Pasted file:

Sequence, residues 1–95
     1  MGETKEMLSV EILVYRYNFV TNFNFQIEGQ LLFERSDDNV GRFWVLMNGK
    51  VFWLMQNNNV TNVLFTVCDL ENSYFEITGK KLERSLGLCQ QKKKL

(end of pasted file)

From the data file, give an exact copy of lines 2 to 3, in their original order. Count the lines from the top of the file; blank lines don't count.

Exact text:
     1  MGETKEMLSV EILVYRYNFV TNFNFQIEGQ LLFERSDDNV GRFWVLMNGK
    51  VFWLMQNNNV TNVLFTVCDL ENSYFEITGK KLERSLGLCQ QKKKL